Felipe actualizes organizer-entrepreneurs for new economic praxis. He facilitates collaboration between community institutions for more equitable community wealth building. By developing leaders and allies, Felipe believes marginalized communities can build the power they need to change institutions, systems, and our culture. Felipe also loves building sandcastles.

6 thoughts on “What Immokalee Might Have For Me

  1. Felipe: you are at the brink of so much. As you enter this pregnant moment, how can you be open to every possibility, especially those you haven’t envisioned, and how can you be attached to no outcome? And what if Trump wins?

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  2. Felipe, the tension you’re experiencing in this moment feels very real for me. Over the last few years, I’ve found the patient, emergent approach to be impactful in ways I couldn’t imagine. And yet, the pandemic and racial justice uprising have thrown me for a loop, back to sprinting towards whatever I can get my hands around and never feeling like it’s enough. I’m trying to take more time for contemplative practice and remembering that the seeds we’ve planted with our partners will continue to bear fruit, regardless of what’s right in front of us. And I’m grateful to you and the workshop organizers, as similar to you I’m finding that having the time to write and reflect on our work is helping me feel grounded again.

    One of my concerns with visualizations is that they miss some of the nuance and richness of the work. When I look at your diagram, I feel like the “smaller” or “marginal” opportunities can be very impactful as effective models to lift up in a more supportive policy environment (IE a Biden administration).

    How do you think your more patient work will benefit and grow should we get a favorable outcome in November?

    Thank you again for such a thought-provoking post!

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  3. So amazing to hear more about your background, reading many of these posts it strikes me how many of us were influenced by our parents and their social justice lens on the world. I feel the tension in this post between the opportunity of the current moment and the brick by brick building of the movement. I sometimes wonder if there are different ways that people think and thrive that pull them one way or another. I have a mentor who was a brick layer- he would frustrate people with his patience that the world would catch up with him (and when they did, he was ready). He partnered with the ‘sprint to the opportunity’ guy who became his COO for 20 years. It was a good match and they build a strong, sustainable organization that was able to pivot and stay relevant. My point is, do you have to be both? Can you you charge towards the opportunity and work with a partner on the sustainability and relationship building? Could you be burning out by trying to be all of those things?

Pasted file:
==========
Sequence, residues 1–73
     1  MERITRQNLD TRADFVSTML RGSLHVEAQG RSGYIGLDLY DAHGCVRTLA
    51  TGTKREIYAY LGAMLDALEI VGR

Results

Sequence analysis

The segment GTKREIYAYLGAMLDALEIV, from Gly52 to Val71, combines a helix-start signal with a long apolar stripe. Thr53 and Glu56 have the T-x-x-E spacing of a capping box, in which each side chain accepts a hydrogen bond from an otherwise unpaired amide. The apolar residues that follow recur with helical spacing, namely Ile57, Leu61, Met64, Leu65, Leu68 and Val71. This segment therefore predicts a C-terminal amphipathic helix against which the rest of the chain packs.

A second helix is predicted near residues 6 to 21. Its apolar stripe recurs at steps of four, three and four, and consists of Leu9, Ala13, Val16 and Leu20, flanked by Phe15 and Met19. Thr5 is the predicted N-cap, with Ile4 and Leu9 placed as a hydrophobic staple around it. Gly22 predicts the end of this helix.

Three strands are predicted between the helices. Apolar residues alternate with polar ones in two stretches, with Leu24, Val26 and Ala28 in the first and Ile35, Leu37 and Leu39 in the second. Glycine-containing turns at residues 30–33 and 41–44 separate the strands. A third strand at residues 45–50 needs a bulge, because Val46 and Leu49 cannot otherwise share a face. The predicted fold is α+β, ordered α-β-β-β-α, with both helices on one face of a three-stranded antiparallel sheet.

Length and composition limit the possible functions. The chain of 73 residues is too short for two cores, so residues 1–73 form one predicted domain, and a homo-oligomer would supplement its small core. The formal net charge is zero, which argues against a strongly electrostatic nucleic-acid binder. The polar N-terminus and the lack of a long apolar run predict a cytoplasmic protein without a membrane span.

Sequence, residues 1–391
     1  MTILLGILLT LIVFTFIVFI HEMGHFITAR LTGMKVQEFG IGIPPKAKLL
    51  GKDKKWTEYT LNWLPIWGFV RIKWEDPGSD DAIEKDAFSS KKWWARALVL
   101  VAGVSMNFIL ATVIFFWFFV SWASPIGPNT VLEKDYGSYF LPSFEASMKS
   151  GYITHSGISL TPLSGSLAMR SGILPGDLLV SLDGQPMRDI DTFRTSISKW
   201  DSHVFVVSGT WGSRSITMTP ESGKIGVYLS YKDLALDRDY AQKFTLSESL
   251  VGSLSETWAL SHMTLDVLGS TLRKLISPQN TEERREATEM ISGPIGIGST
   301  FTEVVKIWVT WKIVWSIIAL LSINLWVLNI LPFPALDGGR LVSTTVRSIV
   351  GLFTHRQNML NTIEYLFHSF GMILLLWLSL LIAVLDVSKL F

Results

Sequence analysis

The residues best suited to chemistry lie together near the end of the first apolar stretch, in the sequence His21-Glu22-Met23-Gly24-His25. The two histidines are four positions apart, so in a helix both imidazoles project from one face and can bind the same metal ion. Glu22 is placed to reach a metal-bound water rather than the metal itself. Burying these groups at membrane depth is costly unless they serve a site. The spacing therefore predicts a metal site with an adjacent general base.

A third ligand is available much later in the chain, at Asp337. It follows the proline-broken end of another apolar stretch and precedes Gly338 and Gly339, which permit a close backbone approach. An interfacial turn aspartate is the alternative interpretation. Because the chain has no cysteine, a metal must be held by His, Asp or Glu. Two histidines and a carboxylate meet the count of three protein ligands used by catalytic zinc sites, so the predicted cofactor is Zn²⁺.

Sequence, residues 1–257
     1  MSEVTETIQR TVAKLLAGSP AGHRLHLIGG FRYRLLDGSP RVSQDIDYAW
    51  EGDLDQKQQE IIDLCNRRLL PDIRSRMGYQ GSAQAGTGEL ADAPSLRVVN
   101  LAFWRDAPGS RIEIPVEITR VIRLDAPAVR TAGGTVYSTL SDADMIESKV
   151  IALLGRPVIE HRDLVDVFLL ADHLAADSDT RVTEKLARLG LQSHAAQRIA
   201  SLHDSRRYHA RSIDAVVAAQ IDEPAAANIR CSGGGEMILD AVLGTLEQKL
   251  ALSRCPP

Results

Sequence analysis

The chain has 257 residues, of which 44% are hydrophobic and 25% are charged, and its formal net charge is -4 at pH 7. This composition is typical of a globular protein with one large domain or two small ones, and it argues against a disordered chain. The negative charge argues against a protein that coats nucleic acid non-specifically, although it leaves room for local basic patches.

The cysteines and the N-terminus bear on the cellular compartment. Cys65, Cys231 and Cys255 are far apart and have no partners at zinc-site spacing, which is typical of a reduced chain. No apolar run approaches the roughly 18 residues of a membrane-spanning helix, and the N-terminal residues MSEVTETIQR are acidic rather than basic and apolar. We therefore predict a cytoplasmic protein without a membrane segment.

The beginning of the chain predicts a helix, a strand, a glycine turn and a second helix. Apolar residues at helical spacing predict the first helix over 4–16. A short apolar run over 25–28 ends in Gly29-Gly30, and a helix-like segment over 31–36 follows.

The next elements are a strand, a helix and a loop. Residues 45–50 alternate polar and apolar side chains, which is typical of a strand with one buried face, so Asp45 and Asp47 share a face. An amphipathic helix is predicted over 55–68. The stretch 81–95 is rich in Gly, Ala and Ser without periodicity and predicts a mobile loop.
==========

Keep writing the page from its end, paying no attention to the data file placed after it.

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  4. I enjoyed your “contemplating out loud” with us here! Your parents’ quiet slow work in the world decades ago has now grown into a tree offering the fruit of potentially greater health and justice for many. What was their discernment process in choosing to do what they did in Immokalee? I’m curious what lessons you might apply to clarify what is “yours to do” at this juncture in history? How might your relationship with your wife and kids and sandcastles be a part of discerning your focus? (No guilt intended–I ask as one learned that he gave away too much trying to be an institutional insider for change).

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  5. Thanks so much for sharing all of this, Felipe!

    I think it’s courageous of you to lean into – and share – all of these feelings. I have a couple of questions that I hope can help your continued exploration of all of this:

    Where do you think your tendency to sprint at opportunities comes from?

    Does this moment of opportunity re: Biden potentially coming into presidential power feel different than any other political moments in your life time during which Democrats were coming into power? And if so, what do you think makes this moment different?

    Reflecting on the “patient and unglamorous” relationship building with which your mom was engaged in, what kind ion organizing relationship might be available for you to enter into? Are there different types of relationships? Is there strategy that may or may not relate differently to different types of relationships?

    Thanks for your post and for sharing!

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  6. This excellent post resonates. I really appreciated a window into your family. As with many things, it seems that this moment has put into focus this tension between the need to be opportunistic and the need to create conditions. What precisely about this era is highlighting that tension?

    The maps and models you have presented are powerful tools. How have power maps generally changed in the last six months; will these trends continue or subside?